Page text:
Antibiotic Resistance: A Gift from the Factory Farm
The presence of animal factory pathogens discussed in the preceding pages is bad enough but bacteria and viruses becoming immune to antibiotics is truly frightening.
Low dosage non-therapeutic antibiotics are used to promote growth and higher dosage antibiotics are used to prevent the premature death of animals from the unhealthy CAFO environment.
Antibiotic resistance is the likely result of this practice and we may not be able to defend ourselves from the onslaught of pathogens with our existing arsenal of antibiotics.
Supplements that focus on immune support may take on a new, very important role in the fight against food and water borne disease.
John Robbins, internationally renowned author of The Food Revolution and other related books, wrote a very comprehensive article for the Huffington Post on July 23rd, 2010 titled, "Why Factory Farms Threaten your Health".
The focus of the article is how the use of antibiotics in CAFOs is fueling the rise in antibiotic resistant bacteria.
Among other things, he reports that the Union of Concerned Scientists says, "Only about 30 percent of the antibiotics used in the U.S. are administered to people to treat diseases.
The other 70 percent, the vast majority, are administered to U.S. livestock, primarily to compensate for the unnatural and unhealthy conditions of factory farming. "Industrial livestock systems," the organization concludes, "are hog heaven for resistant bacteria."
He also says that if ones goal was to breed antibiotic resistant bacteria, there would not be a more effective system than the factory farm. "It is not entirely an exaggeration to say that as a result, factory farms have become biological weapons factories."
The Pew Commission on IFAP
The Pew Commission seems to agree. From the Pew Commission's report on "Industrial Farm Animal Production" (IFAP) we find,"Another major risk stems from the routine use of specially formulated feeds that incorporate antibiotics, other antimicrobials, and hormones to prevent disease and induce rapid growth.
The use of low doses of antibiotics as food additives facilitates the rapid evolution and proliferation of antibiotic-resistant strains of bacteria.
The resulting potential for “resistance reservoirs” and interspecies transfer of resistance determinants is a high priority public health concern."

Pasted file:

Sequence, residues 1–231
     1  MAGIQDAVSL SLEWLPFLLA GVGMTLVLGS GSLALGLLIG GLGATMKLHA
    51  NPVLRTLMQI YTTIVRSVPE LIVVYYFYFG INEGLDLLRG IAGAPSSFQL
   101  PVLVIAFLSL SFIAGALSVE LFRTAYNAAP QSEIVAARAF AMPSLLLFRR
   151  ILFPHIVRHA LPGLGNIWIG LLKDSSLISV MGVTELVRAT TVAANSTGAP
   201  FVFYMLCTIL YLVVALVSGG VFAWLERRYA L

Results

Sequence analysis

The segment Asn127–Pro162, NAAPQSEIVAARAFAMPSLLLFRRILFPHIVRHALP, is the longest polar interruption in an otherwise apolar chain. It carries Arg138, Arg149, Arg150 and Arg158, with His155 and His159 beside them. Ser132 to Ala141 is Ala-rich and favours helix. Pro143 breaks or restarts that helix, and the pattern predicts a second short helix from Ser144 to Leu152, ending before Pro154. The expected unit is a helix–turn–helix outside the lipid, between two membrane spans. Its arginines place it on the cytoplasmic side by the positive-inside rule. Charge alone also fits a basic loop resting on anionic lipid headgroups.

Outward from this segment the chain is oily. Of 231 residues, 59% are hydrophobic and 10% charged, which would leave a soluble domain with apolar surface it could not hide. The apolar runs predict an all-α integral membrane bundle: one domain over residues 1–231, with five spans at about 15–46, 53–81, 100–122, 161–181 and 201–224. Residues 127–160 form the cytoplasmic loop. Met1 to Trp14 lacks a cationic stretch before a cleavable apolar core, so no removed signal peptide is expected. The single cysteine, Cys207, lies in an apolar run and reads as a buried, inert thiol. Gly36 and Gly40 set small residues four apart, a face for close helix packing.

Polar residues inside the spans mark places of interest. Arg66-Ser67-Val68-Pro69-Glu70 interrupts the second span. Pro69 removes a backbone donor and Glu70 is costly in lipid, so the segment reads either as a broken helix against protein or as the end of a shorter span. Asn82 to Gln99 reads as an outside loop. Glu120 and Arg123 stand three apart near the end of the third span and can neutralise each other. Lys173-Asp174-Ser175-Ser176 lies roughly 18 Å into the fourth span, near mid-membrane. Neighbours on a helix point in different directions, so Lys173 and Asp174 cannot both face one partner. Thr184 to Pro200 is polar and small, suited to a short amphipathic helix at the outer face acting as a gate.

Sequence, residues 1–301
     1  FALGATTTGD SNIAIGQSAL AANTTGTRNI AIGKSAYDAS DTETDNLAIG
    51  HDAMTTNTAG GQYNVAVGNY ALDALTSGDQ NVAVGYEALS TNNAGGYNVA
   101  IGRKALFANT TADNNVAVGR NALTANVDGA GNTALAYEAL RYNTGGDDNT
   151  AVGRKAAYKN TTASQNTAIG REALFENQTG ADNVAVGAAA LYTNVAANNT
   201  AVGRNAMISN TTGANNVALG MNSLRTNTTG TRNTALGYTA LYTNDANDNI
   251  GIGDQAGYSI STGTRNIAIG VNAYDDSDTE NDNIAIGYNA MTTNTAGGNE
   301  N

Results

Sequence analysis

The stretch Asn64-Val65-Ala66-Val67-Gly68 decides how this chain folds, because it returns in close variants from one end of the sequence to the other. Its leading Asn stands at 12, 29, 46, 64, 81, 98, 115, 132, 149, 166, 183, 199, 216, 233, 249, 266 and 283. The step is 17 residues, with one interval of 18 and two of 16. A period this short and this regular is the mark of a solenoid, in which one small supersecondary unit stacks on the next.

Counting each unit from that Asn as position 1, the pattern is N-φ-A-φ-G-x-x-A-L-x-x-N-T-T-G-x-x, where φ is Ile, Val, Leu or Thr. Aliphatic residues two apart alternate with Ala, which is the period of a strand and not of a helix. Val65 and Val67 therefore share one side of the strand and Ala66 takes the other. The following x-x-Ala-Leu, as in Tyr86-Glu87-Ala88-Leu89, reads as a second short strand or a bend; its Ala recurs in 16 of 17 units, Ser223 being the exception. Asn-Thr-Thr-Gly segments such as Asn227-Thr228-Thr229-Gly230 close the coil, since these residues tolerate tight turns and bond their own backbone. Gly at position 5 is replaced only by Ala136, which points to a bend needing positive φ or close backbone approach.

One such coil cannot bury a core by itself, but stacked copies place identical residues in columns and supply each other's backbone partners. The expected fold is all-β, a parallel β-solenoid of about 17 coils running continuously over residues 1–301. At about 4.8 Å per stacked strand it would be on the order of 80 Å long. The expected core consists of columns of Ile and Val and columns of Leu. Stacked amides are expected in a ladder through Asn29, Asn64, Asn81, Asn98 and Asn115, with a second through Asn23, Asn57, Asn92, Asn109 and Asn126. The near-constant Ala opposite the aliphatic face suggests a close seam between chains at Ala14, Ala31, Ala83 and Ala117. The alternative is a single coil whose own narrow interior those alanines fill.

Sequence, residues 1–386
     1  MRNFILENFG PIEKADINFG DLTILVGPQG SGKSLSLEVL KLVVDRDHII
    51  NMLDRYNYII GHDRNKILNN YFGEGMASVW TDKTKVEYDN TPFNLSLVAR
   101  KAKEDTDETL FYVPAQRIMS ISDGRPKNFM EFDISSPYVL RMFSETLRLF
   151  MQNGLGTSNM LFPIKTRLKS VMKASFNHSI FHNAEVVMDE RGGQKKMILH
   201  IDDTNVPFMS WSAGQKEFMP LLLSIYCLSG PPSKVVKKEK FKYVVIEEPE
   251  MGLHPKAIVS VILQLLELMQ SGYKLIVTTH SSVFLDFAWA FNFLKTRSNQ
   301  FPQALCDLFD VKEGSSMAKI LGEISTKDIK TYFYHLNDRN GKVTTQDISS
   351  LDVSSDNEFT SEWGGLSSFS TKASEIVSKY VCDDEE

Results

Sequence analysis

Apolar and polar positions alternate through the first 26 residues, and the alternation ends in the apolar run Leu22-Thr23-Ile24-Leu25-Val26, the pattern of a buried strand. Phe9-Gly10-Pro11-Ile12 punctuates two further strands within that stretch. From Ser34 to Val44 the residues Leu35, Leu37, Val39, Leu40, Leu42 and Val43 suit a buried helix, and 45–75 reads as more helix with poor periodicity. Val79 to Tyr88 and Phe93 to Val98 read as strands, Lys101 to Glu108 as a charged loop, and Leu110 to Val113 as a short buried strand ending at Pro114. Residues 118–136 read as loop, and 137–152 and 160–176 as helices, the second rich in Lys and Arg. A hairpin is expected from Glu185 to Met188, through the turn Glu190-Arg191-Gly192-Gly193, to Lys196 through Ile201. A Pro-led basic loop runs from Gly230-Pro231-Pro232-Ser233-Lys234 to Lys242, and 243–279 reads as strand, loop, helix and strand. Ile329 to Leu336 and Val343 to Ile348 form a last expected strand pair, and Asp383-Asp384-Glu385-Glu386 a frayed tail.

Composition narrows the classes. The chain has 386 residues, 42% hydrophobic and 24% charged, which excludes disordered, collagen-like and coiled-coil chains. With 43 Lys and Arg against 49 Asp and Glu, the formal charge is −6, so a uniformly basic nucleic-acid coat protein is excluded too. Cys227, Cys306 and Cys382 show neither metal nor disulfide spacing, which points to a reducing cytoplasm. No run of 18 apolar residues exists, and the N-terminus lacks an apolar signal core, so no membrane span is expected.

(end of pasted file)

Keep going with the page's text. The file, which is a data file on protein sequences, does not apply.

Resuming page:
It is highly recommended that eveyone read the complete text of the Pew Commission report on Industrial Farm Animal Production.
The project was funded by a grant from The Pew Charitable Trusts to the Johns Hopkins Bloomberg School of Public Health to investigate the problems associated with industrial farm animal production operations and to make recommendations to solve them.
Fifteen Commissioners with diverse backgrounds began meeting in early 2006 to start their evidence-based review of the problems caused by ifap. The final report was released on April, 29, 2008.
If antibiotic resistance from consuming factory farmed meats is a concern, and it should be, one recommendation is to avoid it entirely and look for 100% free range, grass fed beef. The trick is finding it and then being able to afford it. Don't look for it at Micky D's.
There was a piece of legislation proposed in March 2009 that should have become law but died in committeed instead. Nevertheless, it is an issue that everyone needs to be aware of and weigh in on with their respective representatives and senators. Hopefully, it will be reintroduced in the new session.
It was H.R. 1549, the Preservation of Antibiotics for Medical Treatment Act. Introduced by Rep. Louise Slaughter (D-N.Y.), it would have prohibited several types of antibiotics from being used routinely in animal feed. Its progress and demise can be seen on govtrack.us.
Passage of the bill was a longshot at best due to the unholy marriage of the pharmaceutical industry and big agribusiness.
The Alliance for Natural Health (ANH) on July 6, 2010 reported that the pharmaceutical industry and the factory farm contractors are fighting hard to thwart restrictions on the use of antibiotics in agriculture. The FDA is a toothless tiger on the issue.
The FDA recently announced that it wanted to reduce the use of growth-promoting antibiotic drugs for meat-producing animals because it contributes to drug resistance in humans.
They even issued draft guidelines that recommend gradually phasing in measures that would allow medically important antimicrobial drugs (that is, antibiotics, antivirals, antifungals, and antiparasitics) to be given to food-producing animals only if it were considered necessary for ensuring the animal’s health. Veterinary oversight would be mandated.
The big joke is that in animal factory CAFOs, the conditions are so filthy and disease ridden, that without the antibiotics every animal in the place would die. Due to the design of the CAFO system, it is an iron-clad certainty that more and more antibiotics will continue being fed to captive animals and antibiotic resistance will continue to grow.
Pausing for a Moment of Clarity from Lee Camp
Before moving on, below is a You Tube kindly submitted by Lee Camp who uploaded it on 2/6/2012. He produces his "Moments of Clarity" videos on current topics of importance amd does spots on Showtime and contributes items to The Onion.
While Lee has his own unique style of presentation, his treatment of the dangers of antibiotic resistance and resulting deaths from the factory farm environment are right on and he is doing his part to spread the word. It is titled, "Factory Farming And How Oinky Killed 18,000 People" - M.O.C. #114. This is his clean(er) version which is evident by the bleeps he inserted at strategic moments. Give it a look.